Doesn't-will and didn't-did

Australasian Journal of Philosophy 80 (1):101 – 106 (2002)
Abstract
In "Against the Indicative," AUSTRALASIAN JOURNAL OF PHILOSOPHY 72 (1994): 17-26, and more recently in "Classifying `Conditionals': the Traditional Way is Wrong", ANALYSIS 60 (2000): 147, V.H. Dudman argues that (a) `If Oswald didn't shoot Kennedy then someone else did' and (b) `If Oswald doesn't shoot Kennedy then someone else will' should not be classified together as "indicative conditionals." Dudman relies on the assumption that (a) is entailed by (c) `Someone shot Kennedy', whereas (b) is not entailed by (d) `Someone will shoot Kennedy'. I argue that the same reasoning which shows that (d) does not entail (b) also shows that (c) does not entail (a). One upshot is that Dudman's and Mellor's respective interpretations of so-called past indicative conditionals cannot be correct.
Keywords No keywords specified (fix it)
Categories (categorize this paper)
Options
 Save to my reading list
Follow the author(s)
My bibliography
Export citation
Find it on Scholar
Edit this record
Mark as duplicate
Revision history Request removal from index
 
Download options
PhilPapers Archive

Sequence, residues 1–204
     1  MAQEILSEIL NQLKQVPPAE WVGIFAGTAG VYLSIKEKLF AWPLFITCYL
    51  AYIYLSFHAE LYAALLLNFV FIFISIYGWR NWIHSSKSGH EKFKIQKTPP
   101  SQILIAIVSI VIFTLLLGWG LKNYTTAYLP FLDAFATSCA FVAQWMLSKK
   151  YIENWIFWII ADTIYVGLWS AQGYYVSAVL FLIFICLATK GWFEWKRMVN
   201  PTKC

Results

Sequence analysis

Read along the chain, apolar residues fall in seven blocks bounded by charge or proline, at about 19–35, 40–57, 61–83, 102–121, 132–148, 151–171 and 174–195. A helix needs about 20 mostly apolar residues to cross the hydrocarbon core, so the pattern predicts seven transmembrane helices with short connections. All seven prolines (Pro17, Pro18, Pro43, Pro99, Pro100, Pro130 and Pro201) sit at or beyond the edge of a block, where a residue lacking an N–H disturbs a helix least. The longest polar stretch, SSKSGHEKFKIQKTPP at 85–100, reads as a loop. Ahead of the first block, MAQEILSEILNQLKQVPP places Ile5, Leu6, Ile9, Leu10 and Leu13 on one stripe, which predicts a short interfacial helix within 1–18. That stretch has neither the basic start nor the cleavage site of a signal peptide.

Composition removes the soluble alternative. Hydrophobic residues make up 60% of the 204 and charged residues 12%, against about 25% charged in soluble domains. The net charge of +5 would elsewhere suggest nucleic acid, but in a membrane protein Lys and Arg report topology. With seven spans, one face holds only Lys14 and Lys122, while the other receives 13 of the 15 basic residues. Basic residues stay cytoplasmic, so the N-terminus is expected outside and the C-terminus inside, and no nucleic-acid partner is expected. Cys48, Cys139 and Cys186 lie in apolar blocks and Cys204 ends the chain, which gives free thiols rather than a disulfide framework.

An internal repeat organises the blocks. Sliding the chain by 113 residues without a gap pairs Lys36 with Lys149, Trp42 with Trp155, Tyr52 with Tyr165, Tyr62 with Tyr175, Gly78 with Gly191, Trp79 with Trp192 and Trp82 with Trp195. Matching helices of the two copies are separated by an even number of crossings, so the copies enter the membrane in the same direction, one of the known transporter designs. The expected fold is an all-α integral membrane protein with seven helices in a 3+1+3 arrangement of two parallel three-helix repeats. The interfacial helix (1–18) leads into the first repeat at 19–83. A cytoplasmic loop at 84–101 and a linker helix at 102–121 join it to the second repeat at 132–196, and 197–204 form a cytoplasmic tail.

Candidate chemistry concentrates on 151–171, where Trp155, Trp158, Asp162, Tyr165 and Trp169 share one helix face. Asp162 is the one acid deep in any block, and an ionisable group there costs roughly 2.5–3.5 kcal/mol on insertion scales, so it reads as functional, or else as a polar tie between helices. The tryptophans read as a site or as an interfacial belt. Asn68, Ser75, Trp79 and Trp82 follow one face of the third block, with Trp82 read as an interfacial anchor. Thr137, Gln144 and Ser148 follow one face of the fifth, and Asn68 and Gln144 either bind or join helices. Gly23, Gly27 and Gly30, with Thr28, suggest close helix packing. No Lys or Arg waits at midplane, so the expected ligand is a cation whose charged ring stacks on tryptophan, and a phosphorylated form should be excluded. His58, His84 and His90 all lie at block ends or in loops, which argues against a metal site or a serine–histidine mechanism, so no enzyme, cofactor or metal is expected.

Upload a copy of this paper     Check publisher's policy on self-archival     Papers currently archived: 11,365
External links
Setup an account with your affiliations in order to access resources via your University's proxy server
Configure custom proxy (use this if your affiliation does not provide a proxy)
Through your library
References found in this work BETA

No references found.

Citations of this work BETA
Similar books and articles
Analytics

Monthly downloads

Added to index

2010-05-07

Total downloads

13 ( #122,430 of 1,102,741 )

Recent downloads (6 months)

5 ( #61,837 of 1,102,741 )

How can I increase my downloads?

My notes
Sign in to use this feature


Discussion
Start a new thread
Order:
There  are no threads in this forum
Nothing in this forum yet.